When the earth beneath our feet moves our politics changes, as if to remind us not to take the daily turns of the earth and our lives on it for granted. It had moved beneath the Land of the Rising Sun with a force unexperienced in a century on March 11, 2011.
The trifold crises in Japan, all natural ― a 9.0 magnitude earthquake at mid-afternoon, followed by a tsunami that produced giant, jet-speed ocean waves in response to the folding of the earth on the ocean floor, from the coast of Japan to the coast of Kenya, followed by the failure to contain the heat from nuclear decay, the continuing Promethean act of stealing fire from the gods to tame it, which can have repercussions for a 100 days ― have humbled the human farce, a possible fourth natural disaster for we humans are also nature, that has been unfolding since the uprisings in Tunisia on the Mediterranean coast began about 2 months earlier.
The paradigm of politics ― the British Empire and its currency the pound followed by the rise of the United States and its currency the dollar and a Japan which forsook its empire and war-mongering in favor of peaceful nuclear power in the aftermath of the only nuclear attack by one country on another human history has ever known ― that produced the republics without the democracy, beginning about a century ago, is changing because all peoples are but one people and we all need and want the same things.
It is apposite and perhaps a historical contingency that democracy is coming to the republics on some segments of the land which surrounds the primordial soup of civilization, the Mediterranean, and for it to be sustainable, great responsibility is needed both among its foreign enablers and native aspirants.
The foreigners to whom civilization had spread from its origins constitute the permanent membership of the United Nations Security Council (Perm-5) and of the Group of Seven (G7) nations. All of them are plagued by their own domestic woes: the United States is projecting budget deficits as far as the eye can see, Europe is midwifing its integration, Russia is learning to live after losing its empire, and China can neither afford to implode nor experience explosive economic growth if the unrest elsewhere is not to spread to about a sixth of humanity for it all to come apart at the seams. Yet, there is hope, Pandora’s gift, amidst the apprehensions of pestilence being unleashed.
Peace and war are choices peoples make in the process of resolving their interests: the G7 do not want their similar standards of living to fall as more mouths desire to be fed likewise around the world. Constrained by the imaginary geopolitical boundaries of culture and nation, invisible to the eye but sensed only as shadows, that were drawn and redrawn in the long geological interregnum whose memory of shifting geophysical boundaries is far longer than that of the species, mutual accommodation escapes human ingenuity, making it seem as though it is a zero-sum game. It, however, is not and has never been.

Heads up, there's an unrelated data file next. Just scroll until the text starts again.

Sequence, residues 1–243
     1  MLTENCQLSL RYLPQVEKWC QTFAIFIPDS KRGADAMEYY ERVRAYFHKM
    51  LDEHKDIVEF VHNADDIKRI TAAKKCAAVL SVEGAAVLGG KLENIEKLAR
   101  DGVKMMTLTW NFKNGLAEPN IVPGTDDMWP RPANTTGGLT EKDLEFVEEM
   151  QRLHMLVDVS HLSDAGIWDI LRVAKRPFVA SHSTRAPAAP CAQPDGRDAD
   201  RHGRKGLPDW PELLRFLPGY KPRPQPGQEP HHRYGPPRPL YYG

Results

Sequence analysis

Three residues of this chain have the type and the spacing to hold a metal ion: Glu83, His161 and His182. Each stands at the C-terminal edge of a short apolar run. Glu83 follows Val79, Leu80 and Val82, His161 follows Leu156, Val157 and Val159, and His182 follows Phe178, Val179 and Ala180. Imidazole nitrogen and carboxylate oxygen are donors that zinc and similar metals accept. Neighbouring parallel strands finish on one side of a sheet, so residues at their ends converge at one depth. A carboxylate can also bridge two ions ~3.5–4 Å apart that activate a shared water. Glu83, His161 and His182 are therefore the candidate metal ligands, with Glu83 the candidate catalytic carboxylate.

If the historical process thus far has been such that when all else failed mutual accommodation has always been the last option to stave off mutual destruction, that it has been so does not mean that it also ought to be so. Russia and Iran will have to reconsider Iran’s nuclear program in light of the nuclear safety concerns raised by the earthquake in Japan, until safer, but still non-renewable, nuclear power can indeed be a reliable strand of transition to supply the world’s rising energy needs.
Oil and gas, Middle Eastern or Russian, are mere creaky draw bridges to a renewable and sustainable energy future and, therefore, cannot continue to be the status quo. And America must learn to let its dollar go, in its own interest and in the interest of the rest of the world, for after all the purpose of the dollar anchor was to eventually end it. In fact, doing so now by buying back US debt holdings from Japan in exchange for dollars, which Japan can, in turn, use to buy yen in the currency markets for domestic reconstruction efforts without having to raise its money supply is the best help the United States can provide to Japan as the country begins to rebuild.
Asia needs the yen as its currency anchor and Japan as its technical counterweight to America and Europe and all of the resources of Asia and Oceania to raise the standards of living of its multitudes. Russia, conflicted by pride and the need to belong in the international community, must be admitted into the World Trade Organization (WTO).
The defunct post-Cold War North Atlantic Treaty Organization (NATO) and the proposed missile defenses in Europe, the principal sources of unease and friction in US-Russian post-Cold War relations, must give way to the Organization for Security and Cooperation in Europe (OSCE).
If wisdom dawns on the chained progeny of Prometheus, the pecking of the liver by the circling vultures on the living carcass of humankind need not also begin, for we have tied ourselves up with our ignorance and hubris, clouding our foresight. The Pentagon quite aptly coined, pun intended given all the American counter-insurgency (COIN) in Iraq and Afghanistan, the allied military action on Libya Operation Odyssey Dawn.
It could be a long journey fraught with both danger and opportunity to enable the politics around the Mediterranean to reconfigure before the Odysseus of enlightenment can return home to Penelope, even as the Homer Simpsons are wrestling with the failing nuclear reactors in Japan.
Should Epimetheus rise, the vulnerability of the otherwise impregnable Achilles could also be his greatest strength: nuclear detonations on American and European soils by Trojan Horses and Odyssey Dawn could end in Illiad Dusk.